Orvi thought of asking if there was a Mother of Fire, but kept that to himself.
The tail cat proved deadly to the midge mice, which were now on their own sort of pilgrimage, but perfectly docile to human folk. Any other dangers that might exist in the little wood were too small to trouble them. It felt like half an age before he finally got some of the tinder to catch, aided with liberal helpings of dry waving grass he had plucked from just outside the wood. It was fully dark by now, and the little fire cast huge shadows on the cedar trees, their red seed-tips flickering in the night. He was elated, proud and pleased, but soon enough the dancing shadows drove his joy away.
“Won’t moon cats be drawn to the fire?” Orvi asked. Or tigers, he thought.
“Moon cats fear fire,” Hesiud murmured, already drowsing against the tree trunk, “and we won’t find them this close to East Gate anyway. Contemplate the Mothers.”
Orvi tried, but he found himself continually contemplating the spaces between the trees, where the night seemed to stretch on forever. It had been a long dull day, but much ground was covered. They were in the far reaches of the Inish Aiva, with not a trace of settlements anywhere. The sounds were eerie and oppressive, but he could not figure them. He heard no bugs, the tail cat had stopped its hissing. It was a long time before he realized: he had never been away from the river before. What he heard was silence. That, and the monk’s gentle snores.
He looked at the horses. Podger the plow horse was leaning against the tree to which he was tied, presumably sleeping. Lightning had actually lied down at the tree’s trunk, by Podger’s hairy hooves. He looked asleep, but every few seconds he would chew the shortgrass in his mouth a single time. Perhaps he was sleep-eating. For some reason, that made Orvi think of Qara Fishmonger, and the yellow stone she had swallowed. He lied down and closed his eyes.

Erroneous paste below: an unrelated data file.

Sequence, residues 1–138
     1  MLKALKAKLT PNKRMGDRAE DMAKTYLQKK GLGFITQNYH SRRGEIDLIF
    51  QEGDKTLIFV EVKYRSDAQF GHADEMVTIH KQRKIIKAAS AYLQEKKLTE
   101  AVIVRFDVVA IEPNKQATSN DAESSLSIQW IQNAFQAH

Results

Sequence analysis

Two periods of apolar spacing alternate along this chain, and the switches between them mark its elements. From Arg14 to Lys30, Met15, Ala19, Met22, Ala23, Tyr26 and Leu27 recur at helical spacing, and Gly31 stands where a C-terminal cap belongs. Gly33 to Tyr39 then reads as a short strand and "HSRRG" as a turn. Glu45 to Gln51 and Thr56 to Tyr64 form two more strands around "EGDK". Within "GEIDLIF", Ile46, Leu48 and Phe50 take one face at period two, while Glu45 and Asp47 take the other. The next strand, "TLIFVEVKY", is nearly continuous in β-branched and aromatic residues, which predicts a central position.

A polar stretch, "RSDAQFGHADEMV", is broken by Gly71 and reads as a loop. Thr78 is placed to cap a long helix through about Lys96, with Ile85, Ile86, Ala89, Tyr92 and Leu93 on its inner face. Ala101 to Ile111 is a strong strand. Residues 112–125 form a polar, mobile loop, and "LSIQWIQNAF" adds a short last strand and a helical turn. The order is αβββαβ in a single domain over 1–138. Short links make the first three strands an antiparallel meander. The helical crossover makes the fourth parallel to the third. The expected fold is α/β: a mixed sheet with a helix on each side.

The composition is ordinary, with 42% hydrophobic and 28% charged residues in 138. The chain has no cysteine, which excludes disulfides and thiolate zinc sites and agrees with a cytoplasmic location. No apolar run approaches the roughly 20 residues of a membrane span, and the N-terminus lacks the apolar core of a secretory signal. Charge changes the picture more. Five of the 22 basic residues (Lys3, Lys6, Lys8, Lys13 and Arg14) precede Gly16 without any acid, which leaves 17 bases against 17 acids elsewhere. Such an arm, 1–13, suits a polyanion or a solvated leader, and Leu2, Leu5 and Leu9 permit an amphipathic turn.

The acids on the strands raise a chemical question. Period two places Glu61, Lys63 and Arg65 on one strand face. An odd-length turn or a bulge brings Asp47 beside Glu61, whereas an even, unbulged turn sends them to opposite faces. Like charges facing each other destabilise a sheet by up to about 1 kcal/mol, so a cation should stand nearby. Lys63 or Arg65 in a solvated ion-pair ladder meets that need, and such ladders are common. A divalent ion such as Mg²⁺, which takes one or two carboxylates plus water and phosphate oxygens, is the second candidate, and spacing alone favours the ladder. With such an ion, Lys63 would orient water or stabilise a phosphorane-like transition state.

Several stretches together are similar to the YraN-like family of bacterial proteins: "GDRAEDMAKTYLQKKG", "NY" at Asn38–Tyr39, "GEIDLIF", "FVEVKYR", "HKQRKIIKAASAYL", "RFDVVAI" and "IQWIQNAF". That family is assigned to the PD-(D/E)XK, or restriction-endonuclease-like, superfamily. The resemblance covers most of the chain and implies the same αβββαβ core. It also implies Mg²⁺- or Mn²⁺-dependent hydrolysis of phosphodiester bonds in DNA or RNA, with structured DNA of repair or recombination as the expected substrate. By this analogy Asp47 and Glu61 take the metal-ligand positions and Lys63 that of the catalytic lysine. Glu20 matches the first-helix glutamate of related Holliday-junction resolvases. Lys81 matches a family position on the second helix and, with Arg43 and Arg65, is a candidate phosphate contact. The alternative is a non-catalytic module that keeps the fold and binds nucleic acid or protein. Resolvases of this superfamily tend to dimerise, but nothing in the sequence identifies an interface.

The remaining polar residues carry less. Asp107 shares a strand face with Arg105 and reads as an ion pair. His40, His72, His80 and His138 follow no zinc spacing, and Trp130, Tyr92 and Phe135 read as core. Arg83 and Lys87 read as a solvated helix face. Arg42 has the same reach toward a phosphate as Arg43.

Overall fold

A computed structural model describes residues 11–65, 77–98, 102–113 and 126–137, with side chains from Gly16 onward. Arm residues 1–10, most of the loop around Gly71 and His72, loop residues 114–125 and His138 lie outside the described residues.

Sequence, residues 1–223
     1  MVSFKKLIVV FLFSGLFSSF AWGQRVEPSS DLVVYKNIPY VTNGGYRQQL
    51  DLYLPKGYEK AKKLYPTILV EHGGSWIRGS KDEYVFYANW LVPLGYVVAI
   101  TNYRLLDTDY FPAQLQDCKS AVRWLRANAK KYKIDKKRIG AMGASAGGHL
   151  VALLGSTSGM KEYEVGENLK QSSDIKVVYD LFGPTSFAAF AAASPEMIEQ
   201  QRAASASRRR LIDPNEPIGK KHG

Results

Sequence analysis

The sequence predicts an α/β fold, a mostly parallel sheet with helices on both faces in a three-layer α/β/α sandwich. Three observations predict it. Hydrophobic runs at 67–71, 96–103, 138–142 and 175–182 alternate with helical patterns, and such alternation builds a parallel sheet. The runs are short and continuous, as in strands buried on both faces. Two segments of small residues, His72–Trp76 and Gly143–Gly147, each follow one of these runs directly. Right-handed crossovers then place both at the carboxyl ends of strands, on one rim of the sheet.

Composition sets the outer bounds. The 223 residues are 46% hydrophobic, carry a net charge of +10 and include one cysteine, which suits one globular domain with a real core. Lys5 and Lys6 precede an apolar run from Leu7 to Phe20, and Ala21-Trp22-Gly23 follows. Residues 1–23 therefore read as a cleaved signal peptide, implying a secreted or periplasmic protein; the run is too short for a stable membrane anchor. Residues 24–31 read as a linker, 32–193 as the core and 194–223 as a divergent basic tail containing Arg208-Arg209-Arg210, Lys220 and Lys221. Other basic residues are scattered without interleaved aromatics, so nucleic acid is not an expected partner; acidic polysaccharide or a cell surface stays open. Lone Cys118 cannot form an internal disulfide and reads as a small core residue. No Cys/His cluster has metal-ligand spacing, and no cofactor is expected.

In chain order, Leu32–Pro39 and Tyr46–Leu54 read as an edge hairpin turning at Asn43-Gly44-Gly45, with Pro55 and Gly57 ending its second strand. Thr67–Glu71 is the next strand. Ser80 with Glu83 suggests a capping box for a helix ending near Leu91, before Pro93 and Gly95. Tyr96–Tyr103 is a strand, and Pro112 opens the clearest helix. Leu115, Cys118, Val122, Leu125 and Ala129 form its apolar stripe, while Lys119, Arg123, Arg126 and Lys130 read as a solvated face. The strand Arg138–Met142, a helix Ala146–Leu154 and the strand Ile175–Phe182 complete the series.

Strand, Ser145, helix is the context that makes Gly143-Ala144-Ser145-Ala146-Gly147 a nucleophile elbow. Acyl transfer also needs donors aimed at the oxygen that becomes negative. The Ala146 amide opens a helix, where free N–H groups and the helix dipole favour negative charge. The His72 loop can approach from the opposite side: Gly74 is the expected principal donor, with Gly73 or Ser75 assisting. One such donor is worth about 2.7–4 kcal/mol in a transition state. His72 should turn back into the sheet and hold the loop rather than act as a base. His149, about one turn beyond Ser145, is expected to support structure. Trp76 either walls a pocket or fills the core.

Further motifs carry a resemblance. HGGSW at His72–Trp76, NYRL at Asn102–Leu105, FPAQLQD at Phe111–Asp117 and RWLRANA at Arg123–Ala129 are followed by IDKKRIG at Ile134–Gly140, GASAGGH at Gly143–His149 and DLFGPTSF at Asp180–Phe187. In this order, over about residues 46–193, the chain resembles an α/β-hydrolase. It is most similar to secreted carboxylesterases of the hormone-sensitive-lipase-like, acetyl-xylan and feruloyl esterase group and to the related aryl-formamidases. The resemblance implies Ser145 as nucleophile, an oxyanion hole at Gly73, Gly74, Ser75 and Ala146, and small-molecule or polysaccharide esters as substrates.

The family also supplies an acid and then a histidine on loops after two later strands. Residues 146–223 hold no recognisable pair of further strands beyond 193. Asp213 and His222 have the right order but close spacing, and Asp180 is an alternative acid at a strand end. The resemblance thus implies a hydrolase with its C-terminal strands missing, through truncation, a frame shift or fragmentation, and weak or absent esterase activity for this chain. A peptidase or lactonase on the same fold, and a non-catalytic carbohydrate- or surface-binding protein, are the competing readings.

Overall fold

An instant later, his eyes flew open again. It was a while before he remembered where he was, and the shadows leaping across the trees nearly drove him to cry out. He rolled up to a sit and saw that the fire had grown smaller. He poked it with a nearby stick, as Novice Pensaya had instructed him. Nothing happened. There was snap within the fire, a twig breaking apart, and that was when he heard it.
Orvi dropped the stick half into the fire, cupped his ears in his hands, and looked around. The fire had blinded him to the night, and the gaps between the trees had become vast, black portals. He heard it again; a shuffling in the dark, just beyond the trees. Podger’s eyes flicked open. He threw his head and whickered, stamping his feet. Lightning soon woke, shuddered, and stood up. Podger whickered again.
“Shh!” Orvi was deafened by the horses, blinded by the fire, but he knew something was out there. He looked up to the trees and thought of climbing them, and they seemed to shudder in response, but moon cats were supposed to be able to climb trees. “Sir?” he said evenly, too scared to shout. He crept over to the horses, smoothly and quietly, and began to unhobble Lightning from the tree. “Sir?” he repeated.
Brother Hesiud mumbled something that sounded like ‘contemplate,’ and rolled over in his sleep. Another twig snapped in the fire.